A recent update from the West Des Moines Police department outlined one of Iowa's most high profile cold cases in recent times ... and the search for justice for Ashley Okland and her family continues to this day.
Since Marsy's Law for Iowa was created, we have honored National Crime Victims' Rights Week.
While things certainly look different for our interns this year because of COVID, we have been thankful for their help. We wanted to take a minute and introduce you to Kylie and Emily.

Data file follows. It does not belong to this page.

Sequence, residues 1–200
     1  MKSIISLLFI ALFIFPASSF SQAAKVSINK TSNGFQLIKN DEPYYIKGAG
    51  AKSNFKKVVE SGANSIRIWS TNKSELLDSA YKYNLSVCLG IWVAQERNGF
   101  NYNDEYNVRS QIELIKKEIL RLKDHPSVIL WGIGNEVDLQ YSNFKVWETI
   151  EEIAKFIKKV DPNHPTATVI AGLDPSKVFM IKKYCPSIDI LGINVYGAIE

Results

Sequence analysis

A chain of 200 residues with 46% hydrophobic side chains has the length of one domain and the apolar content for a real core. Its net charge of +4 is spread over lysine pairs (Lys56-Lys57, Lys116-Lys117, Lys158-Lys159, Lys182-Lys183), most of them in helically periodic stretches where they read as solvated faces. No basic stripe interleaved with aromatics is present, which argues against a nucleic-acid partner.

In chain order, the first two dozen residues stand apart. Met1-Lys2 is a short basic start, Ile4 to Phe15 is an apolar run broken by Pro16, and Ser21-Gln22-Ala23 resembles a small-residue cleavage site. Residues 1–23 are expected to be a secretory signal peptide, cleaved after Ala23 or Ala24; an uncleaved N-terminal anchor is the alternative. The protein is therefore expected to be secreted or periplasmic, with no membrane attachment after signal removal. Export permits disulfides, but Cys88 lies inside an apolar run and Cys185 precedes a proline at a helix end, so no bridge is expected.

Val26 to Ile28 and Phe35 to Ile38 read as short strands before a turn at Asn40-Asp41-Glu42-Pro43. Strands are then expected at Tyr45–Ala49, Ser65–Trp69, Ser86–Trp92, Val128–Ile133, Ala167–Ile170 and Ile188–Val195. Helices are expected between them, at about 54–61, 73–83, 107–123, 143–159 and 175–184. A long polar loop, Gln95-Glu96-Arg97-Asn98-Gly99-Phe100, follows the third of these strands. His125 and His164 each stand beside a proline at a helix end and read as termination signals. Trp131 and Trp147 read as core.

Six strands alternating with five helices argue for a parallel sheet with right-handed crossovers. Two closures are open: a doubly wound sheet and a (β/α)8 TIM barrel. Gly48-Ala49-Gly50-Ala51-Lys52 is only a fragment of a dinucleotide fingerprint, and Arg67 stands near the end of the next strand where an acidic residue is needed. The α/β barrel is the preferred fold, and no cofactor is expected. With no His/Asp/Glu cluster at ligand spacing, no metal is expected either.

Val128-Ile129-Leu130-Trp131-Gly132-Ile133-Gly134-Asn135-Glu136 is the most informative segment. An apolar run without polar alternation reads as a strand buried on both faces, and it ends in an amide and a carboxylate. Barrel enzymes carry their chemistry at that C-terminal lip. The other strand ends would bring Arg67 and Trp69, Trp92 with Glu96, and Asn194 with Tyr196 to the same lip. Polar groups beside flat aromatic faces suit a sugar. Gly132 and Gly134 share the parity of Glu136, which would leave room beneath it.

Opponents of victims’ rights love to claim that giving a victim the right to participate in the criminal justice process will somehow violate a defendant’s constitutional rights to due process and confrontation found in the 6th Amendment of the US Constitution. The argument is compelling, because it seems simple on its face to anyone with a general understanding of constitutional rights, but the interpretation of the 6th Amendment is not that simple. As a member of the Bill of Rights, the 6th Amendment has been around since the ratification of our constitution, making it ripe for over 230 years of judicial interpretation. It has undergone intense judicial review, which has concluded indisputably that the 6th Amendment rights to due process and confrontation are not without restriction. Defendants’ rights are not absolute, they must be balanced with the rights held by all parties and participants in court. It is the literal reason we have an existing appellate court system in this country – to determine the proper balance of rights.